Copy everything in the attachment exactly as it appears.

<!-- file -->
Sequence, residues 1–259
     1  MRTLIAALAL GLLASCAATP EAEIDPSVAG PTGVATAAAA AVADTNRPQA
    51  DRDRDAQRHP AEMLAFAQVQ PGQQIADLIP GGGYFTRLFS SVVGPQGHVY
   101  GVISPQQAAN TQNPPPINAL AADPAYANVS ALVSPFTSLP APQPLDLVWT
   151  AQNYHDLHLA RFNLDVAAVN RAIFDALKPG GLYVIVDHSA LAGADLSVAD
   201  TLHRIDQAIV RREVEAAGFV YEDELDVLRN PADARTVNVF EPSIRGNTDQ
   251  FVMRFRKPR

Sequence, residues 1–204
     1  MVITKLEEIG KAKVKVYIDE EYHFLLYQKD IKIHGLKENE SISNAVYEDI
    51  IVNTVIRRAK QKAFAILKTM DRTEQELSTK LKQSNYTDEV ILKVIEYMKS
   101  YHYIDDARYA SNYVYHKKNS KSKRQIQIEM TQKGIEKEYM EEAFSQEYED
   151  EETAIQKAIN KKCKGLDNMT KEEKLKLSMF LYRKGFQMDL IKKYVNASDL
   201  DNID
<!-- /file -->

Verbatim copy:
Sequence, residues 1–259
     1  MRTLIAALAL GLLASCAATP EAEIDPSVAG PTGVATAAAA AVADTNRPQA
    51  DRDRDAQRHP AEMLAFAQVQ PGQQIADLIP GGGYFTRLFS SVVGPQGHVY
   101  GVISPQQAAN TQNPPPINAL AADPAYANVS ALVSPFTSLP APQPLDLVWT
   151  AQNYHDLHLA RFNLDVAAVN RAIFDALKPG GLYVIVDHSA LAGADLSVAD
   201  TLHRIDQAIV RREVEAAGFV YEDELDVLRN PADARTVNVF EPSIRGNTDQ
   251  FVMRFRKPR

Sequence, residues 1–204
     1  MVITKLEEIG KAKVKVYIDE EYHFLLYQKD IKIHGLKENE SISNAVYEDI
    51  IVNTVIRRAK QKAFAILKTM DRTEQELSTK LKQSNYTDEV ILKVIEYMKS
   101  YHYIDDARYA SNYVYHKKNS KSKRQIQIEM TQKGIEKEYM EEAFSQEYED
   151  EETAIQKAIN KKCKGLDNMT KEEKLKLSMF LYRKGFQMDL IKKYVNASDL
   201  DNID